Loyal Opposition, Political Criticism, and Organized Dissent: America’s Party System

Since the late 1950s liberal democrats and conservative republicans have maintained a consistent political and ideological feud. Popularized by the press, these two parties developed into equally powerful organizations. The two-party system became the status quo for Americans- so much so that people began to support the myth that it was established by a clause in the U.S. Constitution. For decades democrats and republicans have dominated a majority of national and state elections. The tightly held constituencies of both parties leave no support for third party candidates. Essentially baring any other parties from gaining real influence in American politics.


Libratarian presidential canidate Gary Johnson won more voter support than any third party candidate has in the last four election cycles. Johnson still trails behind both the democratic and republican nominees by double digit percentages.

To some this might seem arbitrary; however critical analysis reveals why the two party system can hurt the integrity of America’s political system. Writer Jill Lepore analyzes the potential consequences of a two-party system in her article for the New Yorker titled, The Party Crashers. Lepore supports the idea that the growing polarization of the two-party system is throwing American politics into “disequilibrium”. She develops the idea that for the two-party system to maintain the success that it has enjoyed; each party needs to uphold, “loyal opposition, political criticism, and organized dissent.” Meaning that the success of each party is defined by its’ constituent’s ability to remain dedicated to the party, while also challenging its direction. This ensures that the party always accurately represents its voter’s ideologies. In recent years this sentiment has faded, being replaced with growing feelings of betrayal towards party establishments. The divergence of right and left ideologies primed by a revolution in political communication has created large numbers of disenfranchised voters who feel that they don’t fall in line with the platform of either major party.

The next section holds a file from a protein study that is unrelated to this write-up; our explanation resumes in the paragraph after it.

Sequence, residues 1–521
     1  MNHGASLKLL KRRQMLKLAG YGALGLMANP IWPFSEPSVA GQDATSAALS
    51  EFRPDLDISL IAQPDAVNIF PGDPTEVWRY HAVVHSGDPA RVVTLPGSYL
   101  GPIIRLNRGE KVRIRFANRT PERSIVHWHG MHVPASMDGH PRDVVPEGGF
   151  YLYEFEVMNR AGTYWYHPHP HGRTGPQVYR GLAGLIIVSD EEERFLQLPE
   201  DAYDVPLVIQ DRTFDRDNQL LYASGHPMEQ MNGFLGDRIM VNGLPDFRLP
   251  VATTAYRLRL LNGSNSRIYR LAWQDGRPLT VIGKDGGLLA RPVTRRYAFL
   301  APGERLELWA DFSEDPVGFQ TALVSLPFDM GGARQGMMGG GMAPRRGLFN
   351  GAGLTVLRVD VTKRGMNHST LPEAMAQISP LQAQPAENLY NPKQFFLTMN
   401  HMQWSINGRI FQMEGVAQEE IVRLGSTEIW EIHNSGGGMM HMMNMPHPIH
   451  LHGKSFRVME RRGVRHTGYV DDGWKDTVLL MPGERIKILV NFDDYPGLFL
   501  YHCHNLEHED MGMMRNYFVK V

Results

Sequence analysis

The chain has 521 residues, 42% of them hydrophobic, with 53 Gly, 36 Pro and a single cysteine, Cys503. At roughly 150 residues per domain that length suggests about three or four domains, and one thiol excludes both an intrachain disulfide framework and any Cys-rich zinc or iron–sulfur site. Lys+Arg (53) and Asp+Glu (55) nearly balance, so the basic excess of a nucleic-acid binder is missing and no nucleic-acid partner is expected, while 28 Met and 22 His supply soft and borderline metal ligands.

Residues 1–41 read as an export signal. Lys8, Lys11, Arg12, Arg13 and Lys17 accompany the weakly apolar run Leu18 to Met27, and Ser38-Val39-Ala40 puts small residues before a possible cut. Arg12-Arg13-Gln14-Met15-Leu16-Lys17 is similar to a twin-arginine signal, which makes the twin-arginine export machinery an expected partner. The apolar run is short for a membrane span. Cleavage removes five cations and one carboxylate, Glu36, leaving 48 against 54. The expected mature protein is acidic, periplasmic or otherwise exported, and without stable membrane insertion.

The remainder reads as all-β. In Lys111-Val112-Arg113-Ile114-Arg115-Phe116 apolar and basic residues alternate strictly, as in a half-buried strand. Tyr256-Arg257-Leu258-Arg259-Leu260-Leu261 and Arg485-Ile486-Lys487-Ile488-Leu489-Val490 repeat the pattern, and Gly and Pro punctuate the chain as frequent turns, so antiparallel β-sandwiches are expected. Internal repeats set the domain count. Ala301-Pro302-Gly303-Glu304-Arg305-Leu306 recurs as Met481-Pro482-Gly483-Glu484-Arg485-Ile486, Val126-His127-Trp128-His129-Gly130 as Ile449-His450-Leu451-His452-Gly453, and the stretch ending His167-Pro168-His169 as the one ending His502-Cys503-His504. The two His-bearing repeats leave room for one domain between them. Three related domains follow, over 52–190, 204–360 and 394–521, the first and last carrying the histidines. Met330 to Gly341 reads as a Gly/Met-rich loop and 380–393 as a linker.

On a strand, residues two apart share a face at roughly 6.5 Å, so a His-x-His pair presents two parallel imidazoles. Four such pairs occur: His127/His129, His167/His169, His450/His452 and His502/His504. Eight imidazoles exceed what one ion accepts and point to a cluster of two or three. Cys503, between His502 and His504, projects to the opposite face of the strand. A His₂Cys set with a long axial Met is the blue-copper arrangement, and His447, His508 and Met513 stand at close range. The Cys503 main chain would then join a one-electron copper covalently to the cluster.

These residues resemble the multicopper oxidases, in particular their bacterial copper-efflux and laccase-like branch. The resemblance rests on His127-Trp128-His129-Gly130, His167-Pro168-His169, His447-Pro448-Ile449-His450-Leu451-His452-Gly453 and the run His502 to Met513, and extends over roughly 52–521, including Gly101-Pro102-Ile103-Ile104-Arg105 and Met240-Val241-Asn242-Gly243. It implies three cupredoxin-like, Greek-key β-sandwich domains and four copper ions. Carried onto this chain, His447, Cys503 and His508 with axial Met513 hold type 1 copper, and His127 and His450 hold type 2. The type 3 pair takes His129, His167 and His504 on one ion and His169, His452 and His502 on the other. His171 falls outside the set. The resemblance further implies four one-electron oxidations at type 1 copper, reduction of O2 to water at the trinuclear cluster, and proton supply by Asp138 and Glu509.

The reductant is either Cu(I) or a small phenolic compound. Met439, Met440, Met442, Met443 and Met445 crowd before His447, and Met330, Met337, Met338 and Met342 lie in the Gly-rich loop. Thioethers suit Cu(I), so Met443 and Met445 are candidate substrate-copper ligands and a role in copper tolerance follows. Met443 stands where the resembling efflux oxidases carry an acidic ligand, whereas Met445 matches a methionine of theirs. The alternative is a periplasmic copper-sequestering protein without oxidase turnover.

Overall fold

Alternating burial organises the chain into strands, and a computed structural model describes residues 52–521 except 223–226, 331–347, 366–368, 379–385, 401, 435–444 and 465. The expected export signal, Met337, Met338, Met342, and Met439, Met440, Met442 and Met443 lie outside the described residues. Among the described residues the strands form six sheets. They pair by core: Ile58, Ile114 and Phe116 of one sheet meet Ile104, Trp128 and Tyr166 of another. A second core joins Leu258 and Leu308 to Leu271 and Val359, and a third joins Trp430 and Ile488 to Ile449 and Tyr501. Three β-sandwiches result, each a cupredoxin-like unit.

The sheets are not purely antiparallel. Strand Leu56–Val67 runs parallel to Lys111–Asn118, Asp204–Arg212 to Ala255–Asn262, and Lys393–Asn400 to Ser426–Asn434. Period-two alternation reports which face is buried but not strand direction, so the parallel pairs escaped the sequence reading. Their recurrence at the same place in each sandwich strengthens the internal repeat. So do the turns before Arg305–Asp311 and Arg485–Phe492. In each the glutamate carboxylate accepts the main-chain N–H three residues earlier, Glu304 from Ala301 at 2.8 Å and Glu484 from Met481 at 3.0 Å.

Armed by the information age (namely social media sites), these disenfranchised voters have a new found influence on politics. Anti-establishment sentiments have rallied many voters behind Donald Trump, a self-proclaimed Washington outsider. While many view Trump’s policies as essential in reestablishing America’s “greatness,” a large number of critics view Trump’s campaign platform as racially insensitive, vague, and volatile.

It is unknown what a Trump presidency would look like if he were to win; however, what is known is that there is a large trend of voters who have lost faith in the two major parties. Does this mark the beginning of the end for the two party system? Or will democrats and republicans evolve their platforms in order to regain the support of so many marginalized voters? The answers two those questions isn’t clear. What is clear is that now more than ever, the power of political change is in the hands of the people (more so now than has been seen in a long time).